The Fertile Void


A grave on Inis Oírr, Ireland

Yesterday, for the first time in months, I started writing something new. As I did so, I almost welled up with tears. I was excited, relieved, inspired. I felt like someone had connected my arm to an IV drip after months of severe dehydration. Finishing my essay collection for grad school last month took every last bit of original thought and motivation from me. I wasn’t sure when or if I was going to be able to write again. But there I was yesterday, typing away. I felt like everything was going to be okay again.

And then I woke up this morning and sat to write and it was gone. There was nada. Just the heaviness that was there before. In my head I keep hearing a cartoon sound—a high pitch falling to a low pitch, a thud, and then silence.

Because I am an anxious person, I take this to its logical conclusion—I will never write again. Sure, I’m writing this blog post right now, but it doesn’t count. By write I mean WRITE—essays that change hearts and minds, words that will make you cry, ideas that will spawn revolutions. Not meager blog posts to be seen by the likes of three people. (Thanks friends.)

This feeling is majorly uncomfortable. I’ve been trying all month to make myself write something. I’ve been journaling, opening old books, looking at photographs—trying everything I can to find inspiration. It was just here yesterday! It must still be here somewhere.

It isn’t though. I think what happened yesterday wasn’t so much the return of something as it was the last gasp of something. Whatever remnant of inspiration I had left is gone. I’m in the dark place now, and there’s nothing to do but wait.

I think I've actually been in the dark place since at least last fall. At that time, I came across the idea of “the fertile void,” a concept that says that even when it looks like nothing is happening—something is happening. Some even argue that the fertile void is an essential part of the creative process. If we think of creativity as having seasons, then the fertile void is like winter—the harvest has ended and we must wait for spring to come again.

This is the part I’m not so good at—waiting. But also, trusting. The reason I keep forcing myself to try to create something is because I’m afraid that if I don’t use it, I’ll lose it. But trees, flowers, and plants don’t fear an endless winter. They also don’t die. They lie in wait, dormant, preparing for the spring.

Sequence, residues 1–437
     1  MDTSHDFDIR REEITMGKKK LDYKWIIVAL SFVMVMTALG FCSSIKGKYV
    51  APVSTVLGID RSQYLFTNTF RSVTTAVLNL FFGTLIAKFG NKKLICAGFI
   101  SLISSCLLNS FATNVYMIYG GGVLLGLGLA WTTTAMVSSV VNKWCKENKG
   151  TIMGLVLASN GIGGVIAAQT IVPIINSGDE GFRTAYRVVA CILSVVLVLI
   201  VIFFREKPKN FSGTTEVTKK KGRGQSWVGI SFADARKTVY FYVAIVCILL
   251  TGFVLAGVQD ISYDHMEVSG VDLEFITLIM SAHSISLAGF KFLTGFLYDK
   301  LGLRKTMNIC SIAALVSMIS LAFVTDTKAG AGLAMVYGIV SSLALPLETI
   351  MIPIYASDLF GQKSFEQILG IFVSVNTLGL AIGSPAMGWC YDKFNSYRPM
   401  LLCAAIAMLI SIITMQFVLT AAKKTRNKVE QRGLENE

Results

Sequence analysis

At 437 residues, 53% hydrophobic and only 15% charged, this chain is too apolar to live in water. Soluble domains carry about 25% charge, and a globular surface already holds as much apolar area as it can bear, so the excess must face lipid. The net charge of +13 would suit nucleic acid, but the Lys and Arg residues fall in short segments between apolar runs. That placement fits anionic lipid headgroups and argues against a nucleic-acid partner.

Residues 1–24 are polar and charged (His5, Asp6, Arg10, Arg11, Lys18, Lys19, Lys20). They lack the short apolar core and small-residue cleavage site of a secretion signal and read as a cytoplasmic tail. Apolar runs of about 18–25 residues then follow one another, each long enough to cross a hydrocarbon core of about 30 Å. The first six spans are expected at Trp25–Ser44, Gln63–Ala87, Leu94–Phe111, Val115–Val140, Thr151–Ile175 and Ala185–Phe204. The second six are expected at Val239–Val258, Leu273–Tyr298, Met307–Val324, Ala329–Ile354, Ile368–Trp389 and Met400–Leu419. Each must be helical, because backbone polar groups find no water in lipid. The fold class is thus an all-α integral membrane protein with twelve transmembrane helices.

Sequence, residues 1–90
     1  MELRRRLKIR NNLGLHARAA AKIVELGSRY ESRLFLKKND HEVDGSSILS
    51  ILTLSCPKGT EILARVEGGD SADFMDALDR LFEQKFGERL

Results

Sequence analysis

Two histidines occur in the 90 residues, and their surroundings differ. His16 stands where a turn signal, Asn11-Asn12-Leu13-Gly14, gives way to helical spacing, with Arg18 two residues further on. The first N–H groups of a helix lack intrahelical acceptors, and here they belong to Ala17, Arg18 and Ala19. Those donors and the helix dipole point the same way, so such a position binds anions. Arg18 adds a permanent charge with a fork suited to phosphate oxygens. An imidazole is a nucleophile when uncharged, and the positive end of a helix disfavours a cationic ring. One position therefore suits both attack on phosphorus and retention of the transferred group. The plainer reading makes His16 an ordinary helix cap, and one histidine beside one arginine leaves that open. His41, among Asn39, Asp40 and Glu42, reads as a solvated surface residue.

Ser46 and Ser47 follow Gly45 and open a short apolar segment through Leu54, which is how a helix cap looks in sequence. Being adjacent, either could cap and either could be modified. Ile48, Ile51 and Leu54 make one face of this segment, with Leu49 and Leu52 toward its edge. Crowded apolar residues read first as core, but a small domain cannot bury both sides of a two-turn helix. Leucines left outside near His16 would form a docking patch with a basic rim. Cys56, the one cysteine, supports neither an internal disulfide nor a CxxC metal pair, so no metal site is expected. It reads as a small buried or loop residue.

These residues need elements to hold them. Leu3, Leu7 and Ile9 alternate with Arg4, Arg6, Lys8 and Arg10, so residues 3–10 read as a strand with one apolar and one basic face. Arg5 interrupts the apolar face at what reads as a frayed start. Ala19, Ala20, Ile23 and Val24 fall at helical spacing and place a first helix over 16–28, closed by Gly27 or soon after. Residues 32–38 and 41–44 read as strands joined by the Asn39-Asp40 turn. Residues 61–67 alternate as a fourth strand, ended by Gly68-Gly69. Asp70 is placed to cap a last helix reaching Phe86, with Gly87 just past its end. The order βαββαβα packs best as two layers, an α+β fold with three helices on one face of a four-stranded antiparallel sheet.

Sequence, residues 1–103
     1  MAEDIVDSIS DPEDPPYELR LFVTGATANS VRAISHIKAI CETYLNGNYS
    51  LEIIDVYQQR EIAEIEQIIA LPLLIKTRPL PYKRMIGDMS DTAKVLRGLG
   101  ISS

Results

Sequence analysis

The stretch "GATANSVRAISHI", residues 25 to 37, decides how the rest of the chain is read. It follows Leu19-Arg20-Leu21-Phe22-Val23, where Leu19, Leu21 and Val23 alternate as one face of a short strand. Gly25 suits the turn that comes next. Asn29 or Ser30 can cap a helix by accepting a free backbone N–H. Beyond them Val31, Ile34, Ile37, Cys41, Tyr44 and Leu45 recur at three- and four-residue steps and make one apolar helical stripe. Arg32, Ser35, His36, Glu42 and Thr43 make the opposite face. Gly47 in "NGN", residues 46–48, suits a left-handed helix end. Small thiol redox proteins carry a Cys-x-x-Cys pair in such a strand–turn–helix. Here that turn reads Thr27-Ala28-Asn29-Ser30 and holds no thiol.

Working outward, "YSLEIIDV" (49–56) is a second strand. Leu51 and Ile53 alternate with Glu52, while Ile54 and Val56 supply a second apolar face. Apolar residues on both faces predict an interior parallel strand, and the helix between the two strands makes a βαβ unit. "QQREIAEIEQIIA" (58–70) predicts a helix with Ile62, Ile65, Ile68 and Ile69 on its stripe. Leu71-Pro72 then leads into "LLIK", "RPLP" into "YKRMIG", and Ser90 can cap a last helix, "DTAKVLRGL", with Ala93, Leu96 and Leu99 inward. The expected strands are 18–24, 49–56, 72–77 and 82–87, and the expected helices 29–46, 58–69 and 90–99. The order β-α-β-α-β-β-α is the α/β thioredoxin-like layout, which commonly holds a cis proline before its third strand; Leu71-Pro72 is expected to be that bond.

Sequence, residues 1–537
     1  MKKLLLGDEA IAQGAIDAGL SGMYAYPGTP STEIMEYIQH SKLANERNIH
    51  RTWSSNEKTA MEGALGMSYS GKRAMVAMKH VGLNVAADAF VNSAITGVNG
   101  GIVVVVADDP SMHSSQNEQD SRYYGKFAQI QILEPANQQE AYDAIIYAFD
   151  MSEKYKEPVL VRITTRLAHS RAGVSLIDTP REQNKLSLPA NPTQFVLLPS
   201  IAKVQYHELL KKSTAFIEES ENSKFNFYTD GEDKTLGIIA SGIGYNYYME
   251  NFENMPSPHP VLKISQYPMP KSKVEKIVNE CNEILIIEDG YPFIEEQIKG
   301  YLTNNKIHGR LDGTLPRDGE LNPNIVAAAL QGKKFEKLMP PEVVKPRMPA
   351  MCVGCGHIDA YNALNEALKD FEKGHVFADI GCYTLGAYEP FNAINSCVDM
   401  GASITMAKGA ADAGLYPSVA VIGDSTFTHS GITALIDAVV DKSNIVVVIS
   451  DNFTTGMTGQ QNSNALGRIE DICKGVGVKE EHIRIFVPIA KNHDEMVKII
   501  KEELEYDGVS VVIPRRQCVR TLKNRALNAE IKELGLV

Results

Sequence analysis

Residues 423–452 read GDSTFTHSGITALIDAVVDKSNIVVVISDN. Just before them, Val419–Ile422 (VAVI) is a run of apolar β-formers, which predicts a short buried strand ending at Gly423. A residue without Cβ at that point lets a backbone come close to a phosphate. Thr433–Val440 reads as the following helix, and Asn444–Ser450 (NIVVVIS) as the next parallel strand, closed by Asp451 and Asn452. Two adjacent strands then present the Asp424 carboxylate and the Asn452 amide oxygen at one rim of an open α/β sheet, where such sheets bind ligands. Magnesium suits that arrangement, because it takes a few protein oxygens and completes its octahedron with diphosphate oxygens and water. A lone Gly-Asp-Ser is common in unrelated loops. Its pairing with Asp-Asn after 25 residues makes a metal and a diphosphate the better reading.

Like in winter, being in the fertile void doesn’t mean things aren’t happening beneath the surface. The soil and the critters are still alive down there. The trees are too. So too then, is creativity. Instead of fighting the void—forcing the writing and beating myself up for not doing the work that everyone around me is doing—I know I just need a rest.

But resting doesn’t mean I start sleeping in every morning or zoning out in front of the TV every night. I think the trick—the thing that ensures the spring will come again—is still showing up. Steven Pressfield writes about this in The War of Art. Elizabeth Gilbert writes about it in Big Magic. The muses have to know you’re serious, that you’re in it for the long haul. If they are used to finding you at your computer every morning, and then you stop showing up, they will stop showing up too.

In our culture of endless productivity, it’s easy to feel lost when we aren’t swimming upstream with everyone else. But just because you’re not currently writing the next Great American Novel, or painting the Mona Lisa, or carving David, doesn’t mean you aren’t working. Reading counts. Journaling counts. Taking photographs counts. Listening to music counts. Cooking a really great meal counts. Watching movies counts. Having good conversations counts. Any act of creation, or any act that contributes to the act of creation, counts. As long as you don’t quit, it counts.

At least, this is what I’m telling myself.

I don’t know if this winter is going to last a few months or a few years, which scares the shit out of me. But I’m here anyway. Waiting.


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